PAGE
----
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Leveraging Technology for Maximum Business Benefits

Integrate technology for competitive advantage with IT planning, expertise

by Gregory D. Harrand, MBA

Today’s business climate demands that business owners use technology to a competitive advantage. In order to achieve maximum benefit from technology, owners must first have a plan that will serve as their roadmap to success. Too often companies implement technological solutions without a plan and they create islands of automation which often leads to inefficiencies. For example, a company that decides to implement a website to sell their products on the internet may not think about how the new website fits into their company’s existing technology environment. They failed to ask the question, does the website have the ability to integrate into my existing ERP software?


This does not require an elaborate written plan, but rather a clear understanding of how technology can be used to support your company’s business objectives. For example, if one of your goals is to provide same day shipping, then any technology that supports that objective might be beneficial. An example might be an investment in software/hardware that would allow the downloading of customer order information into your shipping software so as to eliminate the double entry of customer ship to address. This would eliminate time to reenter data as well as any errors that may occur from double entry. Another possibility that could support same day shipping might be the integration of your website into order fulfillment software, so that orders placed online can be transferred to existing order fulfillment software without reentering data. Once again, time and errors are reduced.

Another business objective might be to become the preferred supplier for your customers. This could be achieved by emailing shipping notices to your customers when their order leaves your warehouse. The technology to accomplish this might be to configure your existing shipping software to receive the order information including email address from your order fulfillment system.
Another business objective might be to increase cash flow. An example of a technology solution would be the electronic delivery of customer invoices.  Paperless billing would also reduce your costs for paper, storage, printer toner and postage. Implementation might not be expensive since many of the software packages today already have this feature built in.   Another benefit of paperless billing is that if you store a copy of the invoice, you could quickly retrieve a copy if a customer calls with questions, allowing you to answer their question in a single phone call or you easily resend a copy of the invoice. A different solution is a collection management system that notifies management each business day of customers who are past due and provides information needed to make collection phone calls and follow-up notes.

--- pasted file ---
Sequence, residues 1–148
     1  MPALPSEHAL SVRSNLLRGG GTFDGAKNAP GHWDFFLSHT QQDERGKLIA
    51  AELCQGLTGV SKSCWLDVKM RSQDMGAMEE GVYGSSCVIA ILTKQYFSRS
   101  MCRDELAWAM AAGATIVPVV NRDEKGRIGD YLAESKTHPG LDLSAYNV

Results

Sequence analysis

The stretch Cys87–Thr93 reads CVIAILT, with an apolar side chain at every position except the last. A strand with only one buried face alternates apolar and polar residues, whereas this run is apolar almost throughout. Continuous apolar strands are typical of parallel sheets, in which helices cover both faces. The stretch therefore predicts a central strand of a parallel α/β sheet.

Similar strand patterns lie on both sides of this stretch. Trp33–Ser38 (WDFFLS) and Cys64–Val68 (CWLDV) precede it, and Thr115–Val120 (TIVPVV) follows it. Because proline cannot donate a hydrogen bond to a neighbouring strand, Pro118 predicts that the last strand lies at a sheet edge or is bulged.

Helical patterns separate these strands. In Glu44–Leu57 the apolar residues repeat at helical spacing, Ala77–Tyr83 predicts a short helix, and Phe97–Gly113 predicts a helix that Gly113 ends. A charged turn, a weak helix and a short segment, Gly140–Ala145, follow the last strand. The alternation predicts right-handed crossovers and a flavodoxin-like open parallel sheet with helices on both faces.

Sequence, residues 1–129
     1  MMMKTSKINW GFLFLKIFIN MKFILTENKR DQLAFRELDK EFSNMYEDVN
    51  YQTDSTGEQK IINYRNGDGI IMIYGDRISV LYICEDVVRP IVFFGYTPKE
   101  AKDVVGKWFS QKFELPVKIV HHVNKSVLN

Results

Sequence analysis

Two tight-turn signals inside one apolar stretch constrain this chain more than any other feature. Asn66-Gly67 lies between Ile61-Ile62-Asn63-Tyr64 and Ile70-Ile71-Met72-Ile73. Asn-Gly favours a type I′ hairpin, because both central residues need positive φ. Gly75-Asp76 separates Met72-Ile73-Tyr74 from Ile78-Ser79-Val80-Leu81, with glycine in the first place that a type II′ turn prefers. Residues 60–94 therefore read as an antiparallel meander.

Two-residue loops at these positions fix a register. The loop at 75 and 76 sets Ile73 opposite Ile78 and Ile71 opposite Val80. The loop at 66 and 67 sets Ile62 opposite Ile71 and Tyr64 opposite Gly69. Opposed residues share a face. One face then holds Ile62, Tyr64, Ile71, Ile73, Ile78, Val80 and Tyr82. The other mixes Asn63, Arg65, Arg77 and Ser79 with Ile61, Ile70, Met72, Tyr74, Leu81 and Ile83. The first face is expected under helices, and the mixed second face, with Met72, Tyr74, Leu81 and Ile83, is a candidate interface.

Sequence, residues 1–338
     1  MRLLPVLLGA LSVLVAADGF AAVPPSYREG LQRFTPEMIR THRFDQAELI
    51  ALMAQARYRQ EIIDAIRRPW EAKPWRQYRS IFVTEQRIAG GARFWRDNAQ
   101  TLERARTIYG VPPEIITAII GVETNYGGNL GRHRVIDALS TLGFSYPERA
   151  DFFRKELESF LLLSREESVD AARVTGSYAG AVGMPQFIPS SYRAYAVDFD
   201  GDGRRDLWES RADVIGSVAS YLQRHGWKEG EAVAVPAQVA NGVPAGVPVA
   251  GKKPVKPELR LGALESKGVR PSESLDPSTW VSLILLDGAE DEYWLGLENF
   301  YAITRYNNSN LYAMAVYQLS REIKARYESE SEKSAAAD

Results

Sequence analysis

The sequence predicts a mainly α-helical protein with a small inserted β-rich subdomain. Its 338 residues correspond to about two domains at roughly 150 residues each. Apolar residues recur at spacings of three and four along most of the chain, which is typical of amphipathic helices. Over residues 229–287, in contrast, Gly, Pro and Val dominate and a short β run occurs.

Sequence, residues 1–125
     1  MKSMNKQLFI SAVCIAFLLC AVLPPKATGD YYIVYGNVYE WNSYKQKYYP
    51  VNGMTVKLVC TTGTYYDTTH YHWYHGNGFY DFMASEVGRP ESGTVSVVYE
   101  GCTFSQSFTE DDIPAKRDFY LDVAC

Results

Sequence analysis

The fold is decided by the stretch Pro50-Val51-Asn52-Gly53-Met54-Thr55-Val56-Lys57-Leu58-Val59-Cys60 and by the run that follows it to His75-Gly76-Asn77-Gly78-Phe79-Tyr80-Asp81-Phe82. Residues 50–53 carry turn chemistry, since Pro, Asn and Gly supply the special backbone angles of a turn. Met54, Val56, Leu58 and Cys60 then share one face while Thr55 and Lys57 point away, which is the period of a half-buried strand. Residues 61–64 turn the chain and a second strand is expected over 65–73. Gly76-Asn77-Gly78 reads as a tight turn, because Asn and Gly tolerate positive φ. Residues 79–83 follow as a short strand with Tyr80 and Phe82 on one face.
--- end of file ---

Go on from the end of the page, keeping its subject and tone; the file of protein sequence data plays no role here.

The examples in this article have each been successfully implemented by local companies. The solutions have allowed these companies to remain competitive providing their products faster, reducing cost and increasing customer service.
To get started using technology to a competitive advantage, start by asking the following questions:
  1. Which areas of my business can I streamline? This question might involve you tracing the flow of a customer order through your existing system from the time the customer places the order to the time that the order ships.
  2. Does the proposed new technology support my business objectives? This question might involve you reexamining what your key business objectives are.
  3. What is the financial payback period for the proposed solution? What are the cost savings with the new solution and what is the total cost for the new solution. Be sure you know all of the costs software, hardware, training and consulting services.
  4. What are the intangible benefits of the proposed solution?   Will I increase the level of customer satisfaction which will lead to additional business?
  5. What features of my existing software am I not utilizing? Often companies have the capabilities but are not aware that they do. 
By examining your existing environment and your business objective you too can make successful decisions regarding implementing technology to a competitive advantage.
Gregory D. Harrand, MBA provides a broad range of IT services to industries throughout northern Michigan including manufacturing, automotive, distribution, oil and gas, professional offices, agriculture, small business and retail. Greg’s expertise spans a 30-year career in the information technology field, with positions for large manufacturers in Chicago and Traverse City prior to joining Dennis, Gartland & Niergarth in 1998. He holds certifications in Sage 100 ERP and Microsoft Dynamics GP systems.

Gregory D. Harrand, IT Consulting

Gregory D. Harrand, MBA, Manager for IT Consulting